The high operating temperature of solid oxide fuel cells (SOFCs) provides good fuel flexibility which expands potential applications, but also creates materials challenges. One such challenge is the interconnect material, which was the focus of this project. In particular, the objective of the project was to understand the interaction between the interconnect alloy and ceramic coatings which are needed to minimize chromium volatilization and the associated chromium poisoning of the SOFC cathode. This project focused on coatings based on manganese cobalt oxide spinel phases (Mn,Co)3O4, which have been shown to be effective as coatings for ferritic stainless steel alloys. Analysis of diffusion couples was used to develop a model to describe the interaction between (Mn,Co)3O4 and Cr2O3 in which a two-layer reaction zone is formed. Both layers form the spinel structure, but the concentration gradients at the interface appear like a two-phase boundary suggesting that a miscibility gap is present in the spinel solid solution. A high-chromium spinel layer forms in contact with Cr2O3 and grows by diffusion of manganese and cobalt from the coating material to the Cr2O3. The effect of coating composition, including the addition of dopants, was evaluated and indicated that the reaction rate could be decreased with additions of iron, titanium, nickel and copper. Diffusion couples using stainless steel alloys (which form a chromia scale) had some similarities and some differences as compared to those with Cr2O3. The most notable difference was that the high-chromium spinel layer did not form in the diffusion couples with stainless steel alloys. This difference can be explained using the reaction model developed in this project. In particular, the chromia scale grows at the expense of the alloy, the high-chromia layer grows at the expense of chromia scale and the high-chromia layer is consumed by diffusion of chromium into the coating material. If the last process (dissolution

  17. Fire propagation performance of intumescent fire protective coatings using eggshells as a novel biofiller.

    PubMed

    Yew, M C; Ramli Sulong, N H; Yew, M K; Amalina, M A; Johan, M R

    2014-01-01

    This paper aims to synthesize and characterize an effective intumescent fire protective coating that incorporates eggshell powder as a novel biofiller. The performances of thermal stability, char formation, fire propagation, water resistance, and adhesion strength of coatings have been evaluated. A few intumescent flame-retardant coatings based on these three ecofriendly fire retardant additives ammonium polyphosphate phase II, pentaerythritol and melamine mixed together with flame-retardant fillers, and acrylic binder have been prepared and designed for steel. The fire performance of the coatings has conducted employing BS 476: Part 6-Fire propagation test. The foam structures of the intumescent coatings have been observed using field emission scanning electron microscopy. On exposure, the coated specimens' B, C, and D had been certified to be Class 0 due to the fact that their fire propagation indexes were less than 12. Incorporation of ecofriendly eggshell, biofiller into formulation D led to excellent performance in fire stopping (index value, (I) = 4.3) and antioxidation of intumescent coating. The coating is also found to be quite effective in water repellency, uniform foam structure, and adhesion strength.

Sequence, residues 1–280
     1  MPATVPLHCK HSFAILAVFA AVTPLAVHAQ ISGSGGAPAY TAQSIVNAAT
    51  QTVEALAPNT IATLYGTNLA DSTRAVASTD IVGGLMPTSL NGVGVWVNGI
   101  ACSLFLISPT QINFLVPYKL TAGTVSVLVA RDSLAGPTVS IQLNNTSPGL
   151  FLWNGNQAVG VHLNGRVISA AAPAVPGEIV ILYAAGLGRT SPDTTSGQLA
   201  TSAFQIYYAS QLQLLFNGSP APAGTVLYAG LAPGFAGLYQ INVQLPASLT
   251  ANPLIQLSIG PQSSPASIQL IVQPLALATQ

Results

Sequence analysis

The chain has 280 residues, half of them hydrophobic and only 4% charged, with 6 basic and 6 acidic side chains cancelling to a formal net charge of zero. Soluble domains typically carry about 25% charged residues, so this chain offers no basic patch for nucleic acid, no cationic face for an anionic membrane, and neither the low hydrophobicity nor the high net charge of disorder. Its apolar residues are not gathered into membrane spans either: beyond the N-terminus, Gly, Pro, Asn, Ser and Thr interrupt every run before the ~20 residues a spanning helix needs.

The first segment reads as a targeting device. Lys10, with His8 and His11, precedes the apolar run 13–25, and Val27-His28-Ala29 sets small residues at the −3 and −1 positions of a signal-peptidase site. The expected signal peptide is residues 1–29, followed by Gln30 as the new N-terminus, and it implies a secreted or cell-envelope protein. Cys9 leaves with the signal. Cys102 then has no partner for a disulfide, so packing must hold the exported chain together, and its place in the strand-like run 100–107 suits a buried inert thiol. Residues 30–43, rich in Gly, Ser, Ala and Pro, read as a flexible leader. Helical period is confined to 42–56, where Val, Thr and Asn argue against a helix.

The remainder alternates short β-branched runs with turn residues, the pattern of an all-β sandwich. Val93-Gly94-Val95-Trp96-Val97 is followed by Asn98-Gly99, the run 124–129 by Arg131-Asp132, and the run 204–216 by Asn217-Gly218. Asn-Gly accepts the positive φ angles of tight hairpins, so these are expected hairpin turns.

18. Poly(vinyl alcohol)-coated microfluidic devices for high-performance microchip electrophoresis.

    PubMed

    Belder, Detlev; Deege, Alfred; Kohler, Frank; Ludwig, Martin

    2002-10-01

    The channels of microfluidic glass chips have been coated with poly(vinyl alcohol) (PVA). Applied for microchip electrophoresis, the coated devices exhibited a suppressed electroosmotic flow and improved separation performance. The superior performance of PVA-coated channels could be demonstrated by electrophoretic separations of labeled amines and by video microscopy. While a distorted sample zone is injected using uncoated channels the application of PVA-coated channels results in an improved shape of the sample zone with less band broadening. Applying PVA-coated microchips for the separation of amines labeled with Alexa Fluor 350 even sub-second separations, utilizing a separation length of only 650 microm, could be obtained, while this was not possible using uncoated devices. By using PVA-coated devices rather than an uncoated chip a threefold increase in separation efficiencies could be observed. As the electroosmotic flow (EOF) was suppressed, the anionic compounds were detected at the anode whereas the dominant EOF in uncoated devices resulted in an effective mobility to the cathode. Besides improved separation performance another important feature of the PVA-coated channels was the suppressed adsorption of fluorescent compounds in repetitive runs which results in an improved robustness and detection sensitivity. Applying PVA-coated channels, rinsing or etching steps could be omitted while this was necessary for a reliable operation of uncoated devices.